Autism Spectrum Disorder (ASD) can be understood as a social interaction disorder. This makes the emerging “second-person approach” to social cognition a more promising framework for studying ASD than classical approaches focusing on mindreading capacities in detached, observer-based arrangements. According to the second-person approach, embodied, perceptual, and embedded or interactive capabilities are also required for understanding others, and these are hypothesized to be compromised in ASD. We therefore recorded the dynamics of real-time sensorimotor interaction in pairs of control participants and participants with High-Functioning Autism (HFA), using the minimalistic human-computer interface paradigm known as “perceptual crossing” (PC). We investigated whether HFA is associated with impaired detection of social contingency, i.e., a reduced sensitivity to the other’s responsiveness to one’s own behavior. Surprisingly, our analysis reveals that, at least under the conditions of this highly simplified, computer-mediated, embodied form of social interaction, people with HFA perform equally well as controls. This finding supports the increasing use of virtual reality interfaces for helping people with ASD to better compensate for their social disabilities. Further dynamical analyses are necessary for a better understanding of the mechanisms that are leading to the somewhat surprising results here obtained.

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Self-modeling in Hopfield Neural Networks with Continuous Activation Function

Finally a large part of Mario’s thesis on unsupervised learning in artificial neural networks has been published and is available open access:

Self-modeling in Hopfield Neural Networks with Continuous Activation Function

Mario Zarco and Tom Froese

Hopfield networks can exhibit many different attractors of which most are local optima. It has been demonstrated that combining states randomization and Hebbian learning enlarges the basin of attraction of globally optimal attractors. The procedure is called self-modeling and it has been applied in symmetric Hopfield networks with discrete states and without self-recurrent connections. We are interested in knowing which topological constraints can be relaxed. So, the self-modeling process is tested in asymmetric Hopfield networks with continuous states and self-recurrent connections. The best results are obtained in networks with modular structure.

Call for Posters and Registration: 4E Cognition and the Landscapes of Mental Disorder (5-6 April 2018, University of Exeter)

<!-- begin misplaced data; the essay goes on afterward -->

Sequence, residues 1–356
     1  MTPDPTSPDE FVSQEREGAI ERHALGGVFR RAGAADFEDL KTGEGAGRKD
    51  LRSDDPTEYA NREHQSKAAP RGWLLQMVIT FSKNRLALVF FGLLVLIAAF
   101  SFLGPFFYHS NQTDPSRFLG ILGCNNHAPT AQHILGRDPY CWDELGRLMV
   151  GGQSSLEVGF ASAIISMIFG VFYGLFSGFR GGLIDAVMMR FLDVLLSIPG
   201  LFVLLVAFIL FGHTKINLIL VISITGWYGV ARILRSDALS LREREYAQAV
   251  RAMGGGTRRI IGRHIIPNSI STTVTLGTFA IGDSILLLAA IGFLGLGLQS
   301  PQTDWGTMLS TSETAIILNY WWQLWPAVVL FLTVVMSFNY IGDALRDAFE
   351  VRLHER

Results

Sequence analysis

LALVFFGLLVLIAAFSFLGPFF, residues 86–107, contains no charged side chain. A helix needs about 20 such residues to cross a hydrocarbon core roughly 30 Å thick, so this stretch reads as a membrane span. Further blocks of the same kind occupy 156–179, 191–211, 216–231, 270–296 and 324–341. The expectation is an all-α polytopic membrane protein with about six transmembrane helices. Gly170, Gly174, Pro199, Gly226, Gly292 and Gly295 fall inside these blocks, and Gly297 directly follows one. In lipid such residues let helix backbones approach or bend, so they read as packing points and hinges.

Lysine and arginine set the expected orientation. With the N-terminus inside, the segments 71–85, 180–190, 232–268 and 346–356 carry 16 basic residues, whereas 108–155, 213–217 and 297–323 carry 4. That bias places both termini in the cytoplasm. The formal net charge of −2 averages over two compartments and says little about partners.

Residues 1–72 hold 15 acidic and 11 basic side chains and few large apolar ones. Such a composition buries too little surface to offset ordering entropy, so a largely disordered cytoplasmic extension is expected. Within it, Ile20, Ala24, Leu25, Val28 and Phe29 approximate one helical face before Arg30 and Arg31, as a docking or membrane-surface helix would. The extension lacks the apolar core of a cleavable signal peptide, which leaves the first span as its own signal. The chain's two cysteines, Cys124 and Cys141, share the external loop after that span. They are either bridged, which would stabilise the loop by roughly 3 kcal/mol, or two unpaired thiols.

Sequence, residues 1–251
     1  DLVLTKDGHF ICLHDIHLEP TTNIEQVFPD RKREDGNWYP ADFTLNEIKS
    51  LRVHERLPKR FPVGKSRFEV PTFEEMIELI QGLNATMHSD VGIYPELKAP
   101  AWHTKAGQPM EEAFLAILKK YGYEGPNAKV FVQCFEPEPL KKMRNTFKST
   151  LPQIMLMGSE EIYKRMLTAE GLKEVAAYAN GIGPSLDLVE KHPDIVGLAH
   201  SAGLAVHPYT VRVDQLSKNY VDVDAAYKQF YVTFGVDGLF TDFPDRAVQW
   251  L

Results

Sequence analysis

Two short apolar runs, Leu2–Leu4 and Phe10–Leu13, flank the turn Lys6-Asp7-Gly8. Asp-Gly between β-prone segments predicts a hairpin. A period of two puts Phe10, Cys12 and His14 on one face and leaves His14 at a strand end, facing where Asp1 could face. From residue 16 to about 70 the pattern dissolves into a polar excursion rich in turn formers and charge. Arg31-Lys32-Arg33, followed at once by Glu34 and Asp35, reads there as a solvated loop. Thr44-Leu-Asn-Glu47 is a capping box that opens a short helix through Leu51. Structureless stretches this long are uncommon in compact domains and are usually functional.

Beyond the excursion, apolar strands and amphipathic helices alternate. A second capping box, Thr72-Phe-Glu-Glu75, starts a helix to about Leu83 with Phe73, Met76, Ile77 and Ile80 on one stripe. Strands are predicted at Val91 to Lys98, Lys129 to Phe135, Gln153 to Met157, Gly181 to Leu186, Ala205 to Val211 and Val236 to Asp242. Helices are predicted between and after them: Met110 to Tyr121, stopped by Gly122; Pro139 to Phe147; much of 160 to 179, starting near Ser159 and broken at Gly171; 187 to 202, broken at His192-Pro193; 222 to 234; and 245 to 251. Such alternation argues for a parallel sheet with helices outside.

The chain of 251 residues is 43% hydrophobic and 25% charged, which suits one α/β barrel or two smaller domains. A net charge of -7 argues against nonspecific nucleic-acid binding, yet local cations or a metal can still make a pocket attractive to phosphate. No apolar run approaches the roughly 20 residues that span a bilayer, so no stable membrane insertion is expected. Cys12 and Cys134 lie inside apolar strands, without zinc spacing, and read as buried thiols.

4E Cognition and the Landscapes of Mental Disorder
5 – 6 April 2018
University of Exeter

How does the environment impact the dynamics of mental disorder? Whilst dominant biomedical approaches in psychopathology adopt brain-centered approaches to taxonomy, diagnosis, and treatment, emerging “4E” approaches in cognitive science look beyond the brain and portray minds as embodied , embedded , enacted, and extended. According to 4E cognition, minds are shaped by ongoing engagements with their material, social, and symbolic environments. This conference will explore the implications of 4E frameworks for understanding and treating mental disorder.


Enactivism: Theory and Performance

15-17 March 2018
Department of Philosophy, University of Memphis

Enactivism continues to be developed as a theory of embodied cognition, informed by phenomenology, pragmatism, and ecological psychology. Recent work in this area has fostered theory development and applications across a number of disciplines and topics. This conference will explore theoretical issues concerning enactivist notions of intentionality, action, externalism, the causal or constitutive roles of affect and affordance, predictive coding, and niche construction with respect to consciousness and cognition. An associated workshop will explore application to the area of musical performance.

This conference and workshop are supported by the Humboldt Foundation’s Anneliese Maier Research Award. Further support: Lillian and Morrie Moss Chair of Excellence in Philosophy at the University of Memphis; the Cognitive Science Program at the Institute for Intelligent Systems, University of Memphis; and the Australian Research Council’s Minds in Skilled Performance project at the University of Wollongong.